Here is a quick list of things that people with sensitive, or reactive skin should avoid and even a cheesy acronym that might help you to remember the list better: OOPS-FF . It stands for: O ver-cleansing, O ver-exfoliating, P lant extracts, S oap & harsh surfactants, F ragrance, and F ormaldehyde-releasing preservatives (feel free to ignore the acronym, staying away from cheesy things is a very commendable stance 😉).
If you have sensitive skin, it’s best to avoid:
The short answer is yes, but there are, of course, lots of nuances.
Let’s start by understanding what skin sensitivity means. Sensitive skin is a condition when skin’s natural barrier is weakened. Because the “leaky” skin barrier allows water to evaporate easily, sensitive skin is prone to dryness, rough texture and flaking. Weakened skin barrier also means that potential irritants have an easier time penetrating the top layer of skin, making reactions more likely.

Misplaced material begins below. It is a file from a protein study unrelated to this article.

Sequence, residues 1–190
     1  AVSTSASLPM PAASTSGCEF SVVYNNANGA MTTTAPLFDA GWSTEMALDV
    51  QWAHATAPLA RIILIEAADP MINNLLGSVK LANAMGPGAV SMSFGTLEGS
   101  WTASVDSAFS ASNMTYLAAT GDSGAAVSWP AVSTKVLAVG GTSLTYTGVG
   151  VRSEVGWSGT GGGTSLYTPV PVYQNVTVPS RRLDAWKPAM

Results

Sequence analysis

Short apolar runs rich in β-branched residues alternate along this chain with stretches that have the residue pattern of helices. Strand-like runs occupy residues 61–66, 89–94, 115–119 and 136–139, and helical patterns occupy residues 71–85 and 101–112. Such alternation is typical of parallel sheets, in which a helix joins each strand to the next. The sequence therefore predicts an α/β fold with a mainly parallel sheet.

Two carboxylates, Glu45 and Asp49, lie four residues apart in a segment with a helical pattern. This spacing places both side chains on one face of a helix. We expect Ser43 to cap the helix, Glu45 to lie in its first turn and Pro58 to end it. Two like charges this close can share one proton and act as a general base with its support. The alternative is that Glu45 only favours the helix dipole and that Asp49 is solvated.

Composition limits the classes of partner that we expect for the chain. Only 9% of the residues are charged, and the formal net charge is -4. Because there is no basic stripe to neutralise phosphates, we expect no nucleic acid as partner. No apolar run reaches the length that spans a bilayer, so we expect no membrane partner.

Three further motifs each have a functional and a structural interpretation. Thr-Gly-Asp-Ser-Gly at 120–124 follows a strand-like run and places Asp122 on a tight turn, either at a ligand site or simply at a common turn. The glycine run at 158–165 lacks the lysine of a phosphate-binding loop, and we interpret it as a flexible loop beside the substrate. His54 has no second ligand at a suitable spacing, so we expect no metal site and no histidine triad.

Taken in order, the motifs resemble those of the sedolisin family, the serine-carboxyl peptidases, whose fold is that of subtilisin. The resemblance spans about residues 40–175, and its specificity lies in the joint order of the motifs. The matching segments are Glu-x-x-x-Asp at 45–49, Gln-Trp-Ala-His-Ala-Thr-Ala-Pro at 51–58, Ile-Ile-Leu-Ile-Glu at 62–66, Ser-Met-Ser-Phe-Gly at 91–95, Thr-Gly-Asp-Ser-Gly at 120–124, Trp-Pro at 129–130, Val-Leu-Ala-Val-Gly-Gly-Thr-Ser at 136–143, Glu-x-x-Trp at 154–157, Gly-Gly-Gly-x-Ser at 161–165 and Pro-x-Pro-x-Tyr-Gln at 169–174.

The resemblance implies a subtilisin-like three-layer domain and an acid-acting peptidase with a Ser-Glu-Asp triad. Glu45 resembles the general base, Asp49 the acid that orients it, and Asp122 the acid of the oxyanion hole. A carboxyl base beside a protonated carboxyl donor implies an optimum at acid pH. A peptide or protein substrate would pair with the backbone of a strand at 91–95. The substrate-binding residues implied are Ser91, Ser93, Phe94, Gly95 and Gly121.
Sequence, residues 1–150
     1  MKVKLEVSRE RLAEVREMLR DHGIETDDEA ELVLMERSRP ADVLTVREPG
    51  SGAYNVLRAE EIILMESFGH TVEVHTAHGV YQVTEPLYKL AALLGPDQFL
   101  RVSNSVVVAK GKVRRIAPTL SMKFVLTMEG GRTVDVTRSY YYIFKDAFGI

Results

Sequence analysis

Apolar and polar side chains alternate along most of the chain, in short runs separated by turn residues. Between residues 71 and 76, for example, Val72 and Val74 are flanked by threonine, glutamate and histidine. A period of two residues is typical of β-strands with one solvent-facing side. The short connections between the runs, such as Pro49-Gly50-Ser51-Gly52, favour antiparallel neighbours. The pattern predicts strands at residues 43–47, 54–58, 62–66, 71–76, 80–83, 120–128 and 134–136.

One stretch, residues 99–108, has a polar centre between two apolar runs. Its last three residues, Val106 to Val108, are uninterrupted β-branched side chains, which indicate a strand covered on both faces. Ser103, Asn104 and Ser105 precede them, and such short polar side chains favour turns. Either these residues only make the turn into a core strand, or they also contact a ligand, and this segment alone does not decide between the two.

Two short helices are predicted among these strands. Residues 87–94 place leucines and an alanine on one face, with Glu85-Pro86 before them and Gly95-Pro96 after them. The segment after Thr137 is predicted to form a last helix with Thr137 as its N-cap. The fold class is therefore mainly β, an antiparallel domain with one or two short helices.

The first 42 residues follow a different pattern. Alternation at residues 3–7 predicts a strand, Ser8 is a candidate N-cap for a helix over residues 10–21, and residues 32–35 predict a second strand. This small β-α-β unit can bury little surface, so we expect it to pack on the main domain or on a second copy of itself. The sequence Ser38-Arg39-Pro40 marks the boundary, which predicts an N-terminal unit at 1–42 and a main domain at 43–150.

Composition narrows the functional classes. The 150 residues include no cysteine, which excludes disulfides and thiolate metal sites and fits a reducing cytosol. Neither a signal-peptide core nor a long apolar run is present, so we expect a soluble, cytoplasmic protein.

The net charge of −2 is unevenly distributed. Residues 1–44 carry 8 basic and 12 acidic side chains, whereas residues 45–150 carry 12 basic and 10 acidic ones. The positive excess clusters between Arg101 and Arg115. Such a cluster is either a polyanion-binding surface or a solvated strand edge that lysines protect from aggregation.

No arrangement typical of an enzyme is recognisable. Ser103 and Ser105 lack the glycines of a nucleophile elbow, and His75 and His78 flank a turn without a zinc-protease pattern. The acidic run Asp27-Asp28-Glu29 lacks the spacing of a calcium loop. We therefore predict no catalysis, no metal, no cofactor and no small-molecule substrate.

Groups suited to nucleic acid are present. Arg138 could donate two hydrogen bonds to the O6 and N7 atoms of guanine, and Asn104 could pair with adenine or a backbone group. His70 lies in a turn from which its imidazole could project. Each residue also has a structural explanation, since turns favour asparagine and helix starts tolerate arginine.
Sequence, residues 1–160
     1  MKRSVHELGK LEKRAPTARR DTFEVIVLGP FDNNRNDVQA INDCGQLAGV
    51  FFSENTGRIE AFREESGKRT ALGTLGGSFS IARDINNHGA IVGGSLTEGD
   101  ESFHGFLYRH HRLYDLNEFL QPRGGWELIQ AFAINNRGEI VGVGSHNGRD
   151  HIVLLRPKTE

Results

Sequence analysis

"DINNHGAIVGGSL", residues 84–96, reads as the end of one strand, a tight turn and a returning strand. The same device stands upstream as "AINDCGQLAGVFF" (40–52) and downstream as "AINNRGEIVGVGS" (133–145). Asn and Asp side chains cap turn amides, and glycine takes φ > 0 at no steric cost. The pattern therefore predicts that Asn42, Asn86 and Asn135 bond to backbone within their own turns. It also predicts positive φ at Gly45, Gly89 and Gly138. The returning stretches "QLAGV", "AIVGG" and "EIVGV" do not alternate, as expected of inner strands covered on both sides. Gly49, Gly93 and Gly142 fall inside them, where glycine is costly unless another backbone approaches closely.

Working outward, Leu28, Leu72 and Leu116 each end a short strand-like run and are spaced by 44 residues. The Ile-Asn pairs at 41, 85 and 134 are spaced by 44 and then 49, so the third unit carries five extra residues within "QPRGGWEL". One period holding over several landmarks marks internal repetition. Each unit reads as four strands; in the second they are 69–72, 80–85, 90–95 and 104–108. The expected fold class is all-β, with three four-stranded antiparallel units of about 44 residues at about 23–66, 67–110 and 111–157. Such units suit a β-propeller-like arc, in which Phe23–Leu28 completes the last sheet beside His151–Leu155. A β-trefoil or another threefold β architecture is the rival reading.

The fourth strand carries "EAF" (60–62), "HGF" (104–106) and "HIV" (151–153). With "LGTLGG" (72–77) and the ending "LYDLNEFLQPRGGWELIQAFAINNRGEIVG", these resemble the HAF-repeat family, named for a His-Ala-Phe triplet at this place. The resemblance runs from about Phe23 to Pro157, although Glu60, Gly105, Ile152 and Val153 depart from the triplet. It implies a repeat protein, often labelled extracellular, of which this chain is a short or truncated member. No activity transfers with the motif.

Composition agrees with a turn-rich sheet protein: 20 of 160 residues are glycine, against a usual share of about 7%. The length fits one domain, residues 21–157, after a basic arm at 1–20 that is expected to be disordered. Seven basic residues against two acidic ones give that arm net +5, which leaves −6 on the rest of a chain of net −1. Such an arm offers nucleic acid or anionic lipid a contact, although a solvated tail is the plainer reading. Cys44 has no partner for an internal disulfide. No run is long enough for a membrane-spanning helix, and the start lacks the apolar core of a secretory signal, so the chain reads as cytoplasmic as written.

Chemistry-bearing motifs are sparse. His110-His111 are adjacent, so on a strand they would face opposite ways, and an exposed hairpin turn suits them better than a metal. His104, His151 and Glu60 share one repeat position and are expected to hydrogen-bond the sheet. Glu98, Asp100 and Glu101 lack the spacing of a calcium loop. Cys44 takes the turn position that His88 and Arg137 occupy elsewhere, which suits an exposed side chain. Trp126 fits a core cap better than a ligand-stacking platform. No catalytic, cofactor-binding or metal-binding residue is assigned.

Retinoids (the compounds that are chemically related to vitamin A, including retinol) can certainly disrupt the skin barrier, even in healthy skin. Most people starting with a retinoid notice skin dryness, peeling and even redness in the first couple of weeks. The good news is that your skin can get used to a retinoid: your skin barrier can go back to normal over time and the side effects subside.
We have made the first step to overhaul the website by introducing new navigation!
When you use WIMJ on your desktop, you now have all the features that we offer right there waiting for you on the left.
When you access us via your phone you get an app-like menu in the top left, which scrolls with you so you can access it easily at all times!
You see the term everywhere, but what does it mean? And why do people have it?